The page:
Students debate patriotism in wake of the “Star Spangled Banner Act”


With the introduction of the “Star Spangled Banner Act,” controversy surrounding sitting or standing for the flag is in full effect in schools across the state. On April 21, 2021, Arkansas Representative Mark Berry wrote and proposed the House Bill 1831. This bill quickly passed and requires the National Anthem to be played in k-12 classrooms at least once a week and at all sporting events in public schools, colleges, and universities. 

“He [Representative Berry] said he really wanted to promote patriotic education,” Arkansas Representative Megan Godfrey said, “because many may not feel patriotic or know a lot of the kind of the history and tradition of America that inspires patriotism.” 

According to Godfrey, though, this bill isn’t the best way in achieving that purpose. 

“I asked him if he thought it would be better to not just mandate the playing of the National Anthem, but to integrate National Anthem standards into the curriculum,” Godfrey said. “It could have been embeded into history curriculum standards, into music education curriculum standards, or others.”

Despite her suggestions, Rep. Godfrey was the only member of the House to vote against this bill. 

“I did end up voting no against the bill,” Godfrey said. “I just think there are more thoughtful, and better, more effective ways to promote patriotism and patriotic education”.

This single vote against it has led Godfrey to receive pushback from members in the Arkansas House of Representatives with some attacking her patriotism as an American. 

“I don’t think it’s unpatriotic to say, ‘I want to constantly make America better. I love our country enough to not be afraid to make changes,’”Godfrey said. “I think that’s my definition of patriotism that I see so much good in this country and so much potential for community and collaboration.”

In contrast, junior Carson Butler did not share these same sentiments. 

“I feel that they should have the opportunity to go and live somewhere else and see how other countries have their day to day lives compared to us, and realize what we have is very fortunate,” Butler said.

Butler strongly believes that sitting during the National Anthem dishonors veterans. 

“When it comes to me, it makes me mad. Today we have to respect people that fought for our freedom by taking a minute or two out of our day,” Butler said. “It’s not too much to ask.”

According to a poll sent to the student body, of the 152 responses, 80% said they stand during the National Anthem while 20% said they did not stand. On average, 1 out of every 5 students does not stand up for the National Anthem and reason varied.

“My uncle was in the seal team at 6, extortion at 17, and died in action to save this country. Those who sit down during the National Anthem or Pledge of Allegiance are very disrespectful and ignorant to those who have died for our freedom,” one student claims. “The least somebody could do would be to stand up in front of a flag to show their respects.”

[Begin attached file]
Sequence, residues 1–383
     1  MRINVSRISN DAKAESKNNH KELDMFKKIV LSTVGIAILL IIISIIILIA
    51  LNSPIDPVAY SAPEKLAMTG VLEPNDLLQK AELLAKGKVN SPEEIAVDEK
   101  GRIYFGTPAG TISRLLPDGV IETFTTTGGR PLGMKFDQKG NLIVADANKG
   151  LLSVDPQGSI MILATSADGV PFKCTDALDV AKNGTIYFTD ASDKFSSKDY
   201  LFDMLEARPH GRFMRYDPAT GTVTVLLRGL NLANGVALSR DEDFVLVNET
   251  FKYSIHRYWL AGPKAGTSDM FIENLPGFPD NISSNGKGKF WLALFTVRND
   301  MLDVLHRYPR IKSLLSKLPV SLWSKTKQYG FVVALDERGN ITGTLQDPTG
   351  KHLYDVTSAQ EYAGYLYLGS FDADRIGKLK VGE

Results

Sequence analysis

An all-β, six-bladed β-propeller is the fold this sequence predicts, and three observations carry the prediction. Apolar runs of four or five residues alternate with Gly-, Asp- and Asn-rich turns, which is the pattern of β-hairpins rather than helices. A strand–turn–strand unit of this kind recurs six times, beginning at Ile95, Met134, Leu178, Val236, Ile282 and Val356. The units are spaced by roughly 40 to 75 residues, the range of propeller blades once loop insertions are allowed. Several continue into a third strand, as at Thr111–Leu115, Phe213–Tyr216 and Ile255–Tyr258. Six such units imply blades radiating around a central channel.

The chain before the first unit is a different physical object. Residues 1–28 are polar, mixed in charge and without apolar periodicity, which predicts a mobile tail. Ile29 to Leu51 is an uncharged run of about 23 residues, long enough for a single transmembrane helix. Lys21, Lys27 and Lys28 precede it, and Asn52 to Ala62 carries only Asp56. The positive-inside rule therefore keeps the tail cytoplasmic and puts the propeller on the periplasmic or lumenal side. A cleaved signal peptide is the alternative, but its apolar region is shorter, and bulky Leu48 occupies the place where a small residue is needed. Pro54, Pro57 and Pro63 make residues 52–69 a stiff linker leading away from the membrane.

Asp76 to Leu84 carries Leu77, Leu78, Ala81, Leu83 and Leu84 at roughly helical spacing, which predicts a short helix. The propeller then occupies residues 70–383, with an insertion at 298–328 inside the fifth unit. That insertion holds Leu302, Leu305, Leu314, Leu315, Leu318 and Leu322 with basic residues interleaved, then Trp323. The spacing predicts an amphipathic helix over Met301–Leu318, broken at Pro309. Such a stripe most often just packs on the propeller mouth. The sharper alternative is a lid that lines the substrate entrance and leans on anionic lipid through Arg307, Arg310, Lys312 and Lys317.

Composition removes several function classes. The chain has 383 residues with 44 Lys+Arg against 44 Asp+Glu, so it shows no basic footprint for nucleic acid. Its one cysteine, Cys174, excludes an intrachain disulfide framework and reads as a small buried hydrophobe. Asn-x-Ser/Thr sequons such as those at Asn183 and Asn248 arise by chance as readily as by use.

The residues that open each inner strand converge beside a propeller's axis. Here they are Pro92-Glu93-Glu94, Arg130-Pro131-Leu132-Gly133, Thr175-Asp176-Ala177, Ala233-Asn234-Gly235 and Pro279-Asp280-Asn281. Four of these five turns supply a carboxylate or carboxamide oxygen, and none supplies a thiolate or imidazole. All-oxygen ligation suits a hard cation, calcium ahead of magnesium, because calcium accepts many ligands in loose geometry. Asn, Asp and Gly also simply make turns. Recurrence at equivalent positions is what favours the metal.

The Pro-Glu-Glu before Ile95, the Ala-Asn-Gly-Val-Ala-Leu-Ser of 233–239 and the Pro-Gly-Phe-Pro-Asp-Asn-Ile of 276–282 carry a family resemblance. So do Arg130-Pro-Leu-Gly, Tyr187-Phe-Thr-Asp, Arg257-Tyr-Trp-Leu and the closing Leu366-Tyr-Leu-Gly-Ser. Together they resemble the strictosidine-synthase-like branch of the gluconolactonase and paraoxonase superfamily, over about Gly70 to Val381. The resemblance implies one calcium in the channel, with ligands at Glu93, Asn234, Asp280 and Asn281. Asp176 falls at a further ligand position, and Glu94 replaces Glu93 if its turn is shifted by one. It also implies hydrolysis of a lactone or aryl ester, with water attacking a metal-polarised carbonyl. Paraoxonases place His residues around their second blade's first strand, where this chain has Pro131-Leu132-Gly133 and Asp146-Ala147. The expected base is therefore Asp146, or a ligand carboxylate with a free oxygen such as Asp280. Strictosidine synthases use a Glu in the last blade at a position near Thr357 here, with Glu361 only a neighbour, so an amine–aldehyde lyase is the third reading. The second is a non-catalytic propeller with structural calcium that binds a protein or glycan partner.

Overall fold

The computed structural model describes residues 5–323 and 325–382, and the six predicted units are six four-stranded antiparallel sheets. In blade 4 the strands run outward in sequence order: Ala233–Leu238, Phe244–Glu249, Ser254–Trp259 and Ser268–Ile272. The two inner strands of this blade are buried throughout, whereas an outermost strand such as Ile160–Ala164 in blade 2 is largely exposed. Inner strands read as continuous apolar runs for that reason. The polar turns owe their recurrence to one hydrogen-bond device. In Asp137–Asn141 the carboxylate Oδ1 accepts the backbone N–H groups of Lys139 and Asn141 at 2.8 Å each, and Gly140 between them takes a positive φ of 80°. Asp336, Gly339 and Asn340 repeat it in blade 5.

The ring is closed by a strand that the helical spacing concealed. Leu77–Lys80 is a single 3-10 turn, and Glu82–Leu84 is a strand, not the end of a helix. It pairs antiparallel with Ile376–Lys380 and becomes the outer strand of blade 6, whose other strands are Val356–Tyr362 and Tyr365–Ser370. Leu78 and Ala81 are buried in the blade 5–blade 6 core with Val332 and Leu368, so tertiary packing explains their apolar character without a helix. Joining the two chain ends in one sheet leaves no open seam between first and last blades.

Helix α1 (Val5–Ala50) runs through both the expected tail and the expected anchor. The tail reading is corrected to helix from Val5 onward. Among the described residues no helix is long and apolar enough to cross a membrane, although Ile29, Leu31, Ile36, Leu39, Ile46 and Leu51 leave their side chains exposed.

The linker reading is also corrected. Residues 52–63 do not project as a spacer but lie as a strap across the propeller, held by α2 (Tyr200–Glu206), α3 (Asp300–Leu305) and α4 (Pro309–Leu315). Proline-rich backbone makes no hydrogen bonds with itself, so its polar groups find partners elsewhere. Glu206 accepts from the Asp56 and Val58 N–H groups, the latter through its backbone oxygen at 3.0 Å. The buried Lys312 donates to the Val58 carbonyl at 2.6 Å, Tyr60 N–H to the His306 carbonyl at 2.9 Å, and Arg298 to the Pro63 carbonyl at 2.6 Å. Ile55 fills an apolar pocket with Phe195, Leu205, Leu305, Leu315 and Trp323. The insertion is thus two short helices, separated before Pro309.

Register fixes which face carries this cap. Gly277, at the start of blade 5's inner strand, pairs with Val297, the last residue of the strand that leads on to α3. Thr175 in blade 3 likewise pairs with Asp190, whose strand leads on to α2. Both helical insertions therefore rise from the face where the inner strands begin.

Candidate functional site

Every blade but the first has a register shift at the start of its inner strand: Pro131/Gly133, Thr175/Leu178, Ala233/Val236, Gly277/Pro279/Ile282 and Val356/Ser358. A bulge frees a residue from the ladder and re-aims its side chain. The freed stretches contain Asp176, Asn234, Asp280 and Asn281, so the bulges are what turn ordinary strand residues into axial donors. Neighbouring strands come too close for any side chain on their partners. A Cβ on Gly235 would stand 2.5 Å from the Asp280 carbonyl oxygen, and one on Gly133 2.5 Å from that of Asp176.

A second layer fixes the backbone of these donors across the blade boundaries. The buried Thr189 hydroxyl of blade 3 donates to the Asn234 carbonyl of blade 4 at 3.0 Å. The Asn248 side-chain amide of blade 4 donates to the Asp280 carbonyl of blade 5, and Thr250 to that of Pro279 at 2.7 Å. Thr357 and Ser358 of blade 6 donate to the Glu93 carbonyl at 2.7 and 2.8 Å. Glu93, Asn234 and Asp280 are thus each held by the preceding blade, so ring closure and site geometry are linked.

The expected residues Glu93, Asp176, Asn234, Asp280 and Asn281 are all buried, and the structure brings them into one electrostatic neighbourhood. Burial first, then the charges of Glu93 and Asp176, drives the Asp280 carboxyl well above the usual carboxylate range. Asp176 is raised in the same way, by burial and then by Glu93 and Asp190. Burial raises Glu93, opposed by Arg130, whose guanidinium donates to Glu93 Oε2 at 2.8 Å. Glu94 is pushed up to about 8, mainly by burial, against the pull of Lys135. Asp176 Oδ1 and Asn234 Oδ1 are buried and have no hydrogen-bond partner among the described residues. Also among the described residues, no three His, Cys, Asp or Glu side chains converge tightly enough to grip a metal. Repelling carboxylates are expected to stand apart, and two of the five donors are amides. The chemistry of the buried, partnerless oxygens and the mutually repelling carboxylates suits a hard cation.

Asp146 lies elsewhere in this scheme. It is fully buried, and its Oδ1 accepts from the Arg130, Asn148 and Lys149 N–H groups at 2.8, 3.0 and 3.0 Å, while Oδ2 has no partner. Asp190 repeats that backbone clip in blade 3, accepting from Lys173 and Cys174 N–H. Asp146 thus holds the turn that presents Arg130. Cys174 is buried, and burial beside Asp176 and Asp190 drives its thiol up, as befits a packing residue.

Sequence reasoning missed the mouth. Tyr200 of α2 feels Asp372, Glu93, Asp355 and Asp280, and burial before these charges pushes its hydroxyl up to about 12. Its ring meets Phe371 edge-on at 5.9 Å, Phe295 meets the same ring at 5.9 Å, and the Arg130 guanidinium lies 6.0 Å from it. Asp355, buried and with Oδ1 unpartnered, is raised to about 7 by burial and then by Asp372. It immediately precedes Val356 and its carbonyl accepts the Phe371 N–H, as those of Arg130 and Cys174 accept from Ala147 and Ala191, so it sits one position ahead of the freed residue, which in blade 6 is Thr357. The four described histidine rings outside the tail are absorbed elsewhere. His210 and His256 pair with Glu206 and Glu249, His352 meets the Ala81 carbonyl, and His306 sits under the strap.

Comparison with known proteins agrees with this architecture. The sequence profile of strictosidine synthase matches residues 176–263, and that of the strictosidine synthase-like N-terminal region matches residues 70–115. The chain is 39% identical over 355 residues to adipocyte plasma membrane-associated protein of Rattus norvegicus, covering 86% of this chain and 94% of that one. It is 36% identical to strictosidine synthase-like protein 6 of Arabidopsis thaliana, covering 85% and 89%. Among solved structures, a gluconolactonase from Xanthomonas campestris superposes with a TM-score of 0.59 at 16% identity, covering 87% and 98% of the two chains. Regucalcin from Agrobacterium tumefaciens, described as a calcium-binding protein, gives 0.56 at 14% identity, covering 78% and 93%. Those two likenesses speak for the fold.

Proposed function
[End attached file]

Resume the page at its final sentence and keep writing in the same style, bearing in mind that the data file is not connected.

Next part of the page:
Another student, who also claimed they stood, offered up a different reason for doing so. 

“I stand because I want to stand and honor all the lives lost in America due to violence, such as racism, homophobia, gun violence, etc,” this student writes. 

This argument, though, was used again and again throughout this poll, but not in favor of standing. One student agreed that there was violence and racism in America, but they used that as the reason they sat. 

“I do not believe that in today’s America, the government follows the principles that are said during the pledge. ‘Liberty and justice for all,’” this student said. “It feels as if though the anthem is a song for non-POC, cis, heterosexual Americans. Not to mention, the extent that colonizers went in order to take over the country; to create a song about ‘gaining freedom.’ It rubs me off the wrong way.”

Another student gave credence to the origins of the National Anthem and used it as reasoning to sit down. 

“The National Anthem was written by Francis Scott Key,” this student said. “He owned black people. He was responsible for killing black people and dehumanizing them. 

This credence may have been the education Representative Godfrey spoke about as it is a historically accurate claim surrounding the origins of the national anthem. 

Senior Hallie Kirk has strong feelings towards this matter. Kirk feels this behavior from our state government modeled that of indoctrination. 

“I feel like it’s being shoved down our throats and is trying to indoctrinate kids who have their own opinions,” Kirk said. “I think it’s worth it to hear those kids out instead of trying to make them feel a certain way.”

On the other hand, Kirk is frustrated with those who deem “National Anthem sitters” unpatriotic. She, instead, believes it’s the exact opposite. 

“Sitting during the National Anthem, in my opinion, is just another way of expressing patriotism,” Kirk said. “Not everything in our country is going to be perfect and calling it out is another way of showing your love for it and wanting to improve it.”

While Kirk doesn’t necessarily see the need for more patriotism to be included in our curriculum, like Representative Godfrey, she does acknowledge the shared attitudes that criticize America. 

“Here’s the thing. I think for too long we have shielded kids from the truth behind our country,” Kirk said. “Even though it may hurt our perception of America, students have the right to know it just like the ridiculous amount of good things we’ve done. You can’t improve yourself by believing you’re incapable of making mistakes.”